We say that the vectors \mathbf{v_1}, \dotsc, \mathbf{v_n} span a vector space if every vector in the space can be written as a linear combination \lambda_1 \mathbf{v_1} + \dotsb + \lambda_n \mathbf{v_n} for some scalars \lambda_1, \dotsc, \lambda_n.  (Again, one can extend this definition to infinite collections of vectors, and again I’m not going to worry about that here.)

Now that we know what the words mean, we can get down to business…

So the question is: given a vector space, how large/small can a collection of linearly independent vectors be, and how large/small can a spanning collection of vectors be?  I strongly encourage you to think about this, perhaps with the help of some examples.



Theorem 42: Fermat’s Last Theorem

October 25, 2012

I’ve previously written about Fermat’s Little Theorem, but today it’s time for his (perhaps more famous) Last Theorem.  Today’s blog post comes in audio form, with help from Melvyn Bragg, Marcus du Sautoy and Samir Siksek.


Theorem 41: Gauss’s lemma

July 31, 2012

This result has a very uninformative name, I’m afraid, and it doesn’t identify the result uniquely, but it is the standard name so I’d better stick with it.

I’m going to write this post on the assumption that you know about Fermat’s little theorem and Euler’s criterion.  Fortunately, those links take you to places on this blog where you can read everything you need to know, and then you can come back here.

Ready?  Are you sitting comfortably?  Then we’ll begin.

Let’s fix an odd prime p, and some number a that is coprime to p.  We’d like to know whether a is a quadratic residue modulo p.  Putting that another way, we’d like to find the value of the Legendre symbol \genfrac{(}{)}{}{}{a}{p}.  Helpfully, Euler‘s criterion tells us that \genfrac{(}{)}{}{}{a}{p} \equiv a^{\frac{p-1}{2}} \pmod{p}.  I say “helpfully”, but it rather depends what we’re doing.  Euler’s criterion is great for some things.  For example, it makes it easy to compute \genfrac{(}{)}{}{}{-1}{p}.  But it’s not quite so easy to calculate \genfrac{(}{)}{}{}{2}{p} — we’d need to know 2^{\frac{p-1}{2}} modulo p.

So let’s think about how we might work out a^{\frac{p-1}{2}} modulo p (obviously in a way that leads to an answer that isn’t just the Legendre symbol again!).  We had a strategy for working out a^{p-1} in one proof of Fermat‘s little theorem (Proof 1 here).  Could we adapt that somehow, or use a similar idea?  I encourage you to try it before reading on. (more…)

Theorem 40: Sperner’s lemma about coloured triangles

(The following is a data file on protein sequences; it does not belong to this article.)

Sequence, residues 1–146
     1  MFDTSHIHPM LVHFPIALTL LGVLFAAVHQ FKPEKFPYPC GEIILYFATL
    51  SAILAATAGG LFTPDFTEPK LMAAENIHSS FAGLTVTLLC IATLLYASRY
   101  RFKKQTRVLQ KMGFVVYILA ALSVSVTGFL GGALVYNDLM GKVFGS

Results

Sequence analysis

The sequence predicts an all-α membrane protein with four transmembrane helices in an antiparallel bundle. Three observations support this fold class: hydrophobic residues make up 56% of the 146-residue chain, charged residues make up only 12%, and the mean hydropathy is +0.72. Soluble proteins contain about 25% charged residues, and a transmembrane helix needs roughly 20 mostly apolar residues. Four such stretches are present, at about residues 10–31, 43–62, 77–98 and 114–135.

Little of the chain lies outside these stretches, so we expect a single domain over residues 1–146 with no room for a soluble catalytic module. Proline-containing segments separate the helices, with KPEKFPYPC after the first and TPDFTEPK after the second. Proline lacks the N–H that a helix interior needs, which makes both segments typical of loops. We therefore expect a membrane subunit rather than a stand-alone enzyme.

February 25, 2012

I have a difficulty with this post, namely that I’ve previously written about a result called Sperner’s lemma, and this is a different one!  I hope this won’t cause any confusion.

As the title suggests, this post is about coloured triangles.  That’s not quite accurate, actually, but it was the best I could do in a short title.  Now that I have more space, let me be a bit more precise.

Draw a triangle.  Any triangle.

Subdivide it into little triangles, in any way you like.

Like this:  or like this:  for example.

Now you need three coloured pens.  I’m going to assume that they are blue, red and green.

Colour one vertex of your triangle blue, one red, and one green.

OK so far?

Now you’re going to colour the vertices of all the little triangles.  There are just two rules.

If a vertex is on the edge with red at one end and blue at the other, then you can colour it either red or blue but not green.  And similarly for the other edges: you can use either of the colours at the end of the edge, but not the third.

And you can colour the vertices inside the triangle in any way you choose.   Here’s my example.

All done?

Now I predict that … actually, I’ll wait to make my prediction.  Why don’t you see whether you can guess what my prediction is, and then you can check over the fold.

You might also like to try the Triangle Game on NRICH.


Theorem 39: Euler’s criterion

February 4, 2012

I’ve previously written about Fermat’s Little Theorem, which tells us that if p is a prime and a is not divisible by p, then a^{p-1} \equiv 1 \pmod{p}.  That’s not terribly exciting when p = 2, so let’s concentrate on odd primes p in this post.  Then \frac{p-1}{2} is a whole number, so it makes sense (in the modular arithmetic world) to let x = a^{\frac{p-1}{2}}.  Then Fermat‘s Little Theorem tells us that x^2 \equiv 1 \pmod{p}.

How many possibilities for x are there (modulo p, of course), if we know that x^2 \equiv 1 \pmod{p}?